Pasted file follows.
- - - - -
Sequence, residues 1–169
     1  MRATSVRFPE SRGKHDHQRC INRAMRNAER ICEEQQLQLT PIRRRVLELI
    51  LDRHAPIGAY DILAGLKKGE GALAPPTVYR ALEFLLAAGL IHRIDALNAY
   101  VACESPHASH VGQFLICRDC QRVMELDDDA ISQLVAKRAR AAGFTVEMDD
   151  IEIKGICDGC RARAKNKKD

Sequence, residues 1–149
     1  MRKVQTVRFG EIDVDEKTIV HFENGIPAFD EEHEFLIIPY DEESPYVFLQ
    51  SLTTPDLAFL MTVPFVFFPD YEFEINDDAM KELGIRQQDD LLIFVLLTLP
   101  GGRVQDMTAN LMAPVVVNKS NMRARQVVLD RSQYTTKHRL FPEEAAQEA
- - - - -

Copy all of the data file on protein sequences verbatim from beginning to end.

Sequence, residues 1–169
     1  MRATSVRFPE SRGKHDHQRC INRAMRNAER ICEEQQLQLT PIRRRVLELI
    51  LDRHAPIGAY DILAGLKKGE GALAPPTVYR ALEFLLAAGL IHRIDALNAY
   101  VACESPHASH VGQFLICRDC QRVMELDDDA ISQLVAKRAR AAGFTVEMDD
   151  IEIKGICDGC RARAKNKKD

Sequence, residues 1–149
     1  MRKVQTVRFG EIDVDEKTIV HFENGIPAFD EEHEFLIIPY DEESPYVFLQ
    51  SLTTPDLAFL MTVPFVFFPD YEFEINDDAM KELGIRQQDD LLIFVLLTLP
   101  GGRVQDMTAN LMAPVVVNKS NMRARQVVLD RSQYTTKHRL FPEEAAQEA